The GAA is being asked to open a dialogue about clubs named after John Mitchel.
The United Ireland campaigner was also an advocate for transatlantic slavery in the 1800s, and was a supporter of the confederacy in the US Civil War.
At least 10 GAA clubs are named after him.
Former director of Anti-Slavery International, Aidan McQuade, told Newstalk Breakfast he believes the clubs should consider changing their names.
"To a certain extent one would wonder why you'd want the name of Mitchel on your club if you know the whole story of Mitchel.
"I don't know, do you want Katie Hopkins GAA around the country?
"That's the sort of attitudes that he had".
"Whenever you look at the multi-cultural nature of Ireland, it's somewhat at odds with the society that I think most of us want to be".
"We look at a lot of historical figures who are deeply problematic.
"The classic example is [Winston] Churchill is a deeply problematic character: whenever he was confronting Hitler in Europe he was also overseeing famine in India.
"I think sometimes we have to take a look at the balance of what somebody's achieved in their life - how does it weigh out?
"One of the things about Mitchel is that he wasn't just a passive supporter of the confederacy - in terms of this idea 'well they have the right to self determination' - which a lot of people in Britain and Ireland were looking at, certainly at the outset of the American Civil War.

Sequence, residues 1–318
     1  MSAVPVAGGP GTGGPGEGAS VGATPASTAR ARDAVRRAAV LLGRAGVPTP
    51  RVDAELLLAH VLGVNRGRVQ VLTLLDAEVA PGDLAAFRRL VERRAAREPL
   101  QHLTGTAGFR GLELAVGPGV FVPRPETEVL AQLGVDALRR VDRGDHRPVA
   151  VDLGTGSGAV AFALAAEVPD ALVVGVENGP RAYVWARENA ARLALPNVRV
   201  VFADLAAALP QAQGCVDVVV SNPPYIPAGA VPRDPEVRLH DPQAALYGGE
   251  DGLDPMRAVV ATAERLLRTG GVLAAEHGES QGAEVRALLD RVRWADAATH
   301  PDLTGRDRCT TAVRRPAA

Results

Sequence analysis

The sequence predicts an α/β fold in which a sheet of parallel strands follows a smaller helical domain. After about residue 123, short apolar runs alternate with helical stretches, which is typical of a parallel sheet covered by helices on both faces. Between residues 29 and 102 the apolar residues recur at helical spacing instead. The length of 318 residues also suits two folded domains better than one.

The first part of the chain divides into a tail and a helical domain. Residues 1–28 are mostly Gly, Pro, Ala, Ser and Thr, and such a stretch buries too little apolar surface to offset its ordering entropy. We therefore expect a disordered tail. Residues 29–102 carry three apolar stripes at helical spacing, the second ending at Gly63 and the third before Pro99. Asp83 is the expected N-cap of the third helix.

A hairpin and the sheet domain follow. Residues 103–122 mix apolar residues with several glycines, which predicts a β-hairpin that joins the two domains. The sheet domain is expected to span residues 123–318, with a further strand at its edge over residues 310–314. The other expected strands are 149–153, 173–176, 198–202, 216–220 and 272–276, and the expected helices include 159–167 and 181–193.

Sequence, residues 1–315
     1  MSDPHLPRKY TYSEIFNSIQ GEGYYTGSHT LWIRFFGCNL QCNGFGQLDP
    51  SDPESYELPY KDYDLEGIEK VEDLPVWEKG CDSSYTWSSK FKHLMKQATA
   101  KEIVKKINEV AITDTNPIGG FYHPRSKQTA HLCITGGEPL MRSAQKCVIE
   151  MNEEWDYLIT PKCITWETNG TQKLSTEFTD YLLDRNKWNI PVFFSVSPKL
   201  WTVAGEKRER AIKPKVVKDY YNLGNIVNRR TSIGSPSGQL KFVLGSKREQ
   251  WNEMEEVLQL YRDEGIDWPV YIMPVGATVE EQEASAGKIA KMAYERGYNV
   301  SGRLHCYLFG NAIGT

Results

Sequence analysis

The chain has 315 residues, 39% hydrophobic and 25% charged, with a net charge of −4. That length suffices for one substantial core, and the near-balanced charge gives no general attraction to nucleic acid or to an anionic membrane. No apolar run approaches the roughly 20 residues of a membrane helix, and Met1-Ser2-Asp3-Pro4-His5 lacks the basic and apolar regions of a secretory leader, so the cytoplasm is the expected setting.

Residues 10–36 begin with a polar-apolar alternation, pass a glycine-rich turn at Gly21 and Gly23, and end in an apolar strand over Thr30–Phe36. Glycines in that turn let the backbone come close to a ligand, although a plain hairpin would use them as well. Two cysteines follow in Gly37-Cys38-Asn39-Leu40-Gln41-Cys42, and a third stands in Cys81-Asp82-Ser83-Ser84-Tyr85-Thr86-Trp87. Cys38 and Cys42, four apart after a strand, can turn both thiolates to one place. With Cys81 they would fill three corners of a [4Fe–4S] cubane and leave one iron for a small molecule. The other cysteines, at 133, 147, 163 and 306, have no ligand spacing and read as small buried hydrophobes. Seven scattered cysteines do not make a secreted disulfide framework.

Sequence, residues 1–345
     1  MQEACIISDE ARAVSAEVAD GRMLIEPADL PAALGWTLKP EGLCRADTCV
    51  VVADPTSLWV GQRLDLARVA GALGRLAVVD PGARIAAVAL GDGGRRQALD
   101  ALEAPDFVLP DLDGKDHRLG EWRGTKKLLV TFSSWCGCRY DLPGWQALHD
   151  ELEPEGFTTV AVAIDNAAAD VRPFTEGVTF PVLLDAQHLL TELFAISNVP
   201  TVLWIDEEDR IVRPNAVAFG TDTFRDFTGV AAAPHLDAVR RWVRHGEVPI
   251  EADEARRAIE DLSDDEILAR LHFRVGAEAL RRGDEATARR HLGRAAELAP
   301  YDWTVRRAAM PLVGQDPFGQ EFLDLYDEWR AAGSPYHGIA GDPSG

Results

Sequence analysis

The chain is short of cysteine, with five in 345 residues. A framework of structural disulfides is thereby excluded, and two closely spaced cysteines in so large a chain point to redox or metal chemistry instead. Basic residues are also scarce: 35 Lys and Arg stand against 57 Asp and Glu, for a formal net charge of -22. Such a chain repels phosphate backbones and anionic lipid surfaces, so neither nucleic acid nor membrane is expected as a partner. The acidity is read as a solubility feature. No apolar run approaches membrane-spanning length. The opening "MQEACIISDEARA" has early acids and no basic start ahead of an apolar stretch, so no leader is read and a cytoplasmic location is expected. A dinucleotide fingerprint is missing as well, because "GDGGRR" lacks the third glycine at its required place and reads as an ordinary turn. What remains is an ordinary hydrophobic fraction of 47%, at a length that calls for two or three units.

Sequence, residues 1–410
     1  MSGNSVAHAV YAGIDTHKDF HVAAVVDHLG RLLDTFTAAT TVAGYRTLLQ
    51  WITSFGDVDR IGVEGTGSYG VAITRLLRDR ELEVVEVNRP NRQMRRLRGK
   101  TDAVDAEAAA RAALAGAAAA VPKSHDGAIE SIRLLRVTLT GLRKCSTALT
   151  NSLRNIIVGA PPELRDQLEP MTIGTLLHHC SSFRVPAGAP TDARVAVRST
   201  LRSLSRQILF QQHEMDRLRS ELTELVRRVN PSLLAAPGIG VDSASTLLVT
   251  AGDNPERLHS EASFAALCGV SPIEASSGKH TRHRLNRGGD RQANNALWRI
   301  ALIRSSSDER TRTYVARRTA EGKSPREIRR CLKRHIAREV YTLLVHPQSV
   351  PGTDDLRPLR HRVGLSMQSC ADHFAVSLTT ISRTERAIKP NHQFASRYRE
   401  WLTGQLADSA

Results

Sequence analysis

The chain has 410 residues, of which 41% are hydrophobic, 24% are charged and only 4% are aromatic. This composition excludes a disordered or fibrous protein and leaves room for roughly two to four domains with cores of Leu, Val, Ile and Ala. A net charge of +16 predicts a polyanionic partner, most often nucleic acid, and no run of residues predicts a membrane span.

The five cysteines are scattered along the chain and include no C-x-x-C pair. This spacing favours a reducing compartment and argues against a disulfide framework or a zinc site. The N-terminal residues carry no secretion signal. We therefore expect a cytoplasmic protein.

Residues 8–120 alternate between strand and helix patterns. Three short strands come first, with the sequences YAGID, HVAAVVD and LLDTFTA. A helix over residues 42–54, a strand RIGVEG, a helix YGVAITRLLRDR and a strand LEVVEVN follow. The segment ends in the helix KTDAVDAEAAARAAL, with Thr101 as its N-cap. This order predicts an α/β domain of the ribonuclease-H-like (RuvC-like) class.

"He was somebody who was a white supremacist, he was a supporter of slavery, and indeed he was an advocate for the re-introduction of the transatlantic slave trade - which is something that is now rightly regarded as being genocidal".
"Citizenship has it's price, and one needs to actually look at what symbols we're putting out - particularly as I say given the multi-cultural nature of Irish society at the moment".
On the clubs themselves, he said: "I think they should first of all have a proper look at who Mitchel was and the things that he said, and I think that they should then sit down and have a talk about 'do you want to be honouring that guy with the name that you have'.
"I think also the Government needs to be looking at whether it finds acceptable this name as well".
"We're an evolving society; what may have been regarded in ignorance as being something which is acceptable in the past.
"Things change, sometimes we learn more and we have to move on.
"People don't have statues to Jimmy Savile across the UK anymore".